A dividend is cash money paid to you just for holding shares of a stock or mutual fund. This money is usually paid on a monthly or quarterly basis. If you hold an individual stock you’ll get cash deposited into your account, if you own a mutual fund you can elect to either take the cash or have the dividends automatically reinvested into the purchase of more (sometimes fractional) shares.
Lets do a quick example on how to calculate the dividend yield. Suppose you buy 100 shares of PaperChase Corp at $25 per share. PaperChase Corp pays a quarterly dividend of $0.50 per share, or $2 per year per share. $2 / $25 = 8%, or the dividend yield for PaperChase Corp stock is 8%. Easy!
Suppose you watch the stock price rise to $30/share and you get excited and tell your friend Erica she needs to get in on this hot investment. Erica obliges and buys 75 shares of PaperChase Corp, but note her dividend yield will not be the same: $2 per year per share / $30 per share equals a 6.6% yield.
Also note that you own 100 shares of PaperChase Corp and Erica owns 75. Your annual income will be $2 per share x 100 shares = $200. Erica’s annual income would be $2 per share x 75 = $150. This income can also act as a cushion if the stock price goes down. Suppose after a year PaperChase Corp’s share drops to $20. Your loss would appear to be ($20 – $25) * 100 shares = -$500. However since you also earned $200 dollars in dividends your actual loss would only be -$300 (-$500 + $200). The math works the same if the share price rises back up to $30, then if you sold your total return would be ($30 – $25) * 100 + $200 = $700 (a 40% return on your investment).
REITs (real estate stocks) and utilities are two sectors that usually have higher dividend yields as well as stable dividend growth. This makes them great options for investors who desire consistent amount of cash flow from their investment portfolio. Growth stocks (e.g. Tesla, Netflix, Facebook) usually don’t offer dividends, investors are attracted to these stocks because they assume the company is reinvesting all of its profits fueling the company’s rapid growth and rise in the share price. Investors won’t care about missing out on a 3% annul yield if the stock price goes up 50%.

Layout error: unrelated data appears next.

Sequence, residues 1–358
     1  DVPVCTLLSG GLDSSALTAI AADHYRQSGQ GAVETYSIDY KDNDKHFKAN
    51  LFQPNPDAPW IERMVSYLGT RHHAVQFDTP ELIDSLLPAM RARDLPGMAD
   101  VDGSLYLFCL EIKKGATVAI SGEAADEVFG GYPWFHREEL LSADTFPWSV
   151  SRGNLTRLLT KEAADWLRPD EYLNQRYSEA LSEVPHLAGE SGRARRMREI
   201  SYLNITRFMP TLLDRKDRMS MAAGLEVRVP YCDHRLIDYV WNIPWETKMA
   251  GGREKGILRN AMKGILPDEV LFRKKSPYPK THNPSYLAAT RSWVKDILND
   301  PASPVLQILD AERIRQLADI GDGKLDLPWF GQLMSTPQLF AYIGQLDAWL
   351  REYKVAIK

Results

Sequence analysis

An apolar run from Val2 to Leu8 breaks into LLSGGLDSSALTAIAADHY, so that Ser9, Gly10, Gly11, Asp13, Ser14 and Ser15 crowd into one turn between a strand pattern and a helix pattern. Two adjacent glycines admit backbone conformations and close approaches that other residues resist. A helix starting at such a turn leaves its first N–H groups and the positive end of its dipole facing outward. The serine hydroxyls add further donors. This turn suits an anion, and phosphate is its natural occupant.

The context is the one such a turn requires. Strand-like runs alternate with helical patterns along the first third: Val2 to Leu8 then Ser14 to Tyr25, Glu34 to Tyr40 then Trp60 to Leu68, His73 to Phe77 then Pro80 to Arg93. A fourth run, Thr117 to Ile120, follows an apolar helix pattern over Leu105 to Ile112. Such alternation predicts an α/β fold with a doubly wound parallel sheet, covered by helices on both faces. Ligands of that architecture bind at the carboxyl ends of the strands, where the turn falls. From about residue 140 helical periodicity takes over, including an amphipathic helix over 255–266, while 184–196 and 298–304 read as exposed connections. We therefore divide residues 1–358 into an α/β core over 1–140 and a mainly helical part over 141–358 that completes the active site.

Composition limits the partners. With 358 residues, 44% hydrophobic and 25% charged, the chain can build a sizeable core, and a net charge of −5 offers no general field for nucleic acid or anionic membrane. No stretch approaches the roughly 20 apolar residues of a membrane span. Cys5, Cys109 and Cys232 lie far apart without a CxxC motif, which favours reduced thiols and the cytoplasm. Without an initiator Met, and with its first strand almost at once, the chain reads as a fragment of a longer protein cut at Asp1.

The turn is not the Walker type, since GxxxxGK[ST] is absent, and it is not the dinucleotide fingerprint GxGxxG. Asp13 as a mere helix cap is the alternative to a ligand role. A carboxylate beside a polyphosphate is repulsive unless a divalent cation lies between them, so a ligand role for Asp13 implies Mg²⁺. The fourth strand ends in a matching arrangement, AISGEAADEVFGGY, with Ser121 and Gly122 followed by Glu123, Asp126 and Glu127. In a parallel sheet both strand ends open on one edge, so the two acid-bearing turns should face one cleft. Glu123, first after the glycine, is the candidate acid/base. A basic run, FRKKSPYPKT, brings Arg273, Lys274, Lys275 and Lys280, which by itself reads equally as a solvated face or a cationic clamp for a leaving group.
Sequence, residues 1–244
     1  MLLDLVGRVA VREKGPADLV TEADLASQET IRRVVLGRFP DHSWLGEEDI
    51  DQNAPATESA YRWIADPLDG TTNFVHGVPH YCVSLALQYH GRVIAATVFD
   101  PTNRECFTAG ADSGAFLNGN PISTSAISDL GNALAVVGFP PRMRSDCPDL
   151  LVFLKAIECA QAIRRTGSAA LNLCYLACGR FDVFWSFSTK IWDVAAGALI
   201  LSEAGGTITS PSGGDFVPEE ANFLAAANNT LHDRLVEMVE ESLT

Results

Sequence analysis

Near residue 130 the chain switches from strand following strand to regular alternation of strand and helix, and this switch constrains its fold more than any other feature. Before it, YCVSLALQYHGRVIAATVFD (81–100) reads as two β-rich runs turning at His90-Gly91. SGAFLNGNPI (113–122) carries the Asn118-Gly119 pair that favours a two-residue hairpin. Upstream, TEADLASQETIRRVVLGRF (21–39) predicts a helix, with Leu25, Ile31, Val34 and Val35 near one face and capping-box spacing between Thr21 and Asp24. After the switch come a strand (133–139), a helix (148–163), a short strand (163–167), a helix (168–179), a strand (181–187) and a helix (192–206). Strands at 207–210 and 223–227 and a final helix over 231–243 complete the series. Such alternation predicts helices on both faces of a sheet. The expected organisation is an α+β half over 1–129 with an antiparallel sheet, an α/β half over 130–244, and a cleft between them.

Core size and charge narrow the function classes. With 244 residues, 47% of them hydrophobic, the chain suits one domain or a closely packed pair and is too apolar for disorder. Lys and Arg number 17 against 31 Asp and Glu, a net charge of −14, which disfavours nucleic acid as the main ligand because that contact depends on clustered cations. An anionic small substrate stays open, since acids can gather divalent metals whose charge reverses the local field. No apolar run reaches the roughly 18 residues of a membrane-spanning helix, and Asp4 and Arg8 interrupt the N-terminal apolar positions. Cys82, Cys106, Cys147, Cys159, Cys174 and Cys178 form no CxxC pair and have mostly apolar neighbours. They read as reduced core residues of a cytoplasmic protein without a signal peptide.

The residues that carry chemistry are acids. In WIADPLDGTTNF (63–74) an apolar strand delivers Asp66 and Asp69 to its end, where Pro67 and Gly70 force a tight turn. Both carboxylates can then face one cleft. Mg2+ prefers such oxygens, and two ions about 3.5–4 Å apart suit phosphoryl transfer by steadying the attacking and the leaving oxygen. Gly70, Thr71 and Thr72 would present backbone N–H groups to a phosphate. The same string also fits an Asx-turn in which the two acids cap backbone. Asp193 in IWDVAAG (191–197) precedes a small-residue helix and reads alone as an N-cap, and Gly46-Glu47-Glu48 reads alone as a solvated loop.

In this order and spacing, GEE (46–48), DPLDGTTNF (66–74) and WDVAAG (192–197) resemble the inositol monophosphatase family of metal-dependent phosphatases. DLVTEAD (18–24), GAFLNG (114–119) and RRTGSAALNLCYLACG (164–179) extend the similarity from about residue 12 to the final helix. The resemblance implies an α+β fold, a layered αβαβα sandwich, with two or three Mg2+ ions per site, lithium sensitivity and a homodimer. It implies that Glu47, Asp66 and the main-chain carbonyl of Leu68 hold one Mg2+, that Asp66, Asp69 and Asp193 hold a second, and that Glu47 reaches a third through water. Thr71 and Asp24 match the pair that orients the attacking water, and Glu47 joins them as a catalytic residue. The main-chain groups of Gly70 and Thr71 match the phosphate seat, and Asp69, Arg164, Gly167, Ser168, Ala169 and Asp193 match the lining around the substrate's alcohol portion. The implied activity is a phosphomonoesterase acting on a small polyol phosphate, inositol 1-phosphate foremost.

You have to be careful with stocks paying an abnormally high dividend yield because dividends can also be used as a reward for taking risk. Think about high yield (or junk) bonds, these bonds pay investors more to hold them because the company issuing them has some credit worthiness issues. To get investors to accept their suspect credit they have to reward them with a much higher yield. When you calculate the dividend yield for a stock your interested in be sure to compare it to its competitors. Typically the yields should be similar, if your stock’s yield is an outlier that might be a red flag.
You can find dividend information of individual stocks and mutual funds via sites like Yahoo! Finance or MSN Money. You can review years of dividend history to see if the company’s yield is rising or falling over time. If the dividend amount is rising year after year it might signal the company has strong, growing sales and revenue and thus has the more and more cash available to pay increased dividends. If the dividend rate is shrinking you might have to do some research to see if the company is in trouble.